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How To Brine a Turkey

How To Brine a Turkey

A man bastes a turkey. The text "How to Brine a Turkey" is superimposed, along with Big Plate's logo.

We brine turkey to improve its flavor, tenderness, and juiciness. The salt in the brine denatures the proteins in the muscle, allowing the meat to absorb more moisture and flavor. We will explain how to both Wet Brine and Dry Brine your turkey in this post, as both methods have pros and cons.

Wet Brining is soaking the turkey in a salt solution before cooking. The pros of wet brining are 1) it imparts the most flavor and moisture to the bird, and 2) it can be done on a thawed or frozen turkey. The major con of this method is that it takes up a lot of space in your refrigerator. If you have the space, we recommend that you wet brine your turkey.

Dry brining is a bit of a misnomer as brine, by definition, requires water. But the term has come to mean seasoning in advance with salt. The major advantages of Dry Brining are 1) no water is involved, so it takes up much less space in your refrigerator, and 2) it usually results in crispier skin. The cons are that 1) while it does make your turkey more flavorful, tender, and juicy, it cannot add as much flavor and moisture as wet brining, and 2) it is possible to over salt a turkey when using the Dry Brining method.

A raw turkey floats in a 20 quart stockpot full of brining solution that includes onion, lemon, apple, orange, peppercorns, and other seasonings.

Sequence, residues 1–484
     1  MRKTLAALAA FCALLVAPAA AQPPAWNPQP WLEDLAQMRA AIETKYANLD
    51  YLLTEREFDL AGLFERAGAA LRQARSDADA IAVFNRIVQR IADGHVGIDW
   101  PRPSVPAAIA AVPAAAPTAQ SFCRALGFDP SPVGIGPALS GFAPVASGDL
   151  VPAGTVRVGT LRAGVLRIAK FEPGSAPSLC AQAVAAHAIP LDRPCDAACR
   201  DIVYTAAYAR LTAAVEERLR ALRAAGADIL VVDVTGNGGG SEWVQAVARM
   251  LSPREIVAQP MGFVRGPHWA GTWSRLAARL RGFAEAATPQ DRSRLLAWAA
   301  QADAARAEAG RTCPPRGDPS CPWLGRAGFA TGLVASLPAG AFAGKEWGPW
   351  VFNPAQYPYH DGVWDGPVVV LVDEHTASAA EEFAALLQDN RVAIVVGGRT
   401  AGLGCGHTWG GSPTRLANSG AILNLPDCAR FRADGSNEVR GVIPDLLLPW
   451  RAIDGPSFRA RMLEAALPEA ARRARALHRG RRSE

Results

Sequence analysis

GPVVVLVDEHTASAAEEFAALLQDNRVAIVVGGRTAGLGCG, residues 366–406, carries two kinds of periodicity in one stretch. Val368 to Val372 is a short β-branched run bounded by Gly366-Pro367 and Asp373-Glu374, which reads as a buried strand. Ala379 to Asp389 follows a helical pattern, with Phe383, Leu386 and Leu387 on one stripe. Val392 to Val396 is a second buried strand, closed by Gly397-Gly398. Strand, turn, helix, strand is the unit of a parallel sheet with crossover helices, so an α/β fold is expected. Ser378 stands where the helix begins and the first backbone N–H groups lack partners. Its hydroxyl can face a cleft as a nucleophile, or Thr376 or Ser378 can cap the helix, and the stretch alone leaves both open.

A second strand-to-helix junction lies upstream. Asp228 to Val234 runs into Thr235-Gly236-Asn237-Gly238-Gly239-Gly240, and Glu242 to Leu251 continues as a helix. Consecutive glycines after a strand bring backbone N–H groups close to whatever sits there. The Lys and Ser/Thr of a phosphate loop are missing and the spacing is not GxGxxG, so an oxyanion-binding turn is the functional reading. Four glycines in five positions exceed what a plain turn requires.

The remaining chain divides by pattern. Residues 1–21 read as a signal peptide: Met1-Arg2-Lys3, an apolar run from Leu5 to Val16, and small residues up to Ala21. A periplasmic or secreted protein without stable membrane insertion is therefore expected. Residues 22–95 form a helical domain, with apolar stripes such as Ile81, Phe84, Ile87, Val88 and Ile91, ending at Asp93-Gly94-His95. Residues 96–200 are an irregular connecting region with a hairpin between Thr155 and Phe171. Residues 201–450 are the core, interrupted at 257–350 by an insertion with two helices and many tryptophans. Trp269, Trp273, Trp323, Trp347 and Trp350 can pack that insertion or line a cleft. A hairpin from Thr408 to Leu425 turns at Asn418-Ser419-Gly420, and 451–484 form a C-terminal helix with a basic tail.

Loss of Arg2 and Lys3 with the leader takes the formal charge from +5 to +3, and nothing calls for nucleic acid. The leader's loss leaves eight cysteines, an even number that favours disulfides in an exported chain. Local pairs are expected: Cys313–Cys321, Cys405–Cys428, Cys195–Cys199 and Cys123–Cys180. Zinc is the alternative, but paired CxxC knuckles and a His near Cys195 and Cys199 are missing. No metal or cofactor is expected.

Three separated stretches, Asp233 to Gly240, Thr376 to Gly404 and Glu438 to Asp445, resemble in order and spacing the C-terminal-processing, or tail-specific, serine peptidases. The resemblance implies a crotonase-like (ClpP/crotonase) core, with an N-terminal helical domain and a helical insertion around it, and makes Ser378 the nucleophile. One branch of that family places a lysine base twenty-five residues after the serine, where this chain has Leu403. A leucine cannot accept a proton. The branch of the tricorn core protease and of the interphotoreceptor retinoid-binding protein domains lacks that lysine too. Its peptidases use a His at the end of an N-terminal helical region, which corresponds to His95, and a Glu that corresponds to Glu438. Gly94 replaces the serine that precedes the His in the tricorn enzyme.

Wet Brining

Ingredients

1 turkey, thawed or frozen

2 cups kosher salt (Note: If you use a fine grind salt, cut it back to 1 cup. Fine salt compresses more than the larger crystals of kosher salt, so you get more per unit of volume.)

1 gallon water

You can add flavor to your wet brine by adding other ingredients to the brining solution such as fresh herbs, peppercorns, bay leaves, garlic, onion, celery, citrus peels, sugar, brown sugar, etc. You can substitute chicken broth for the water. Another option is to replace part of the liquid with apple juice, citrus juice, apple cider vinegar, soy sauce, Worcestershire sauce, wine, beer, a Tablespoon of vodka, or up to ¼ cup rum or gin. Alcohol helps carry the flavors of your brine deeper into the meat.

Instructions

  1. Make room in the refrigerator (or in a cooler of ice) for your brining container.
  2. In a medium saucepan, heat 2 quarts of water to a simmer. Add the salt and any other flavors you choose. Stir until salt is completely dissolved. Cool, then add this liquid to 2 quarts of cold water in a 20 quart stock pot or a 5 gallon food safe container. Make sure the brine is at room temperature before adding the turkey. A gallon of brine should cover up to a 14 lb turkey. Make more brine as necessary.
  3. Remove neck and giblets from turkey cavity and reserve for gravy and/or broth.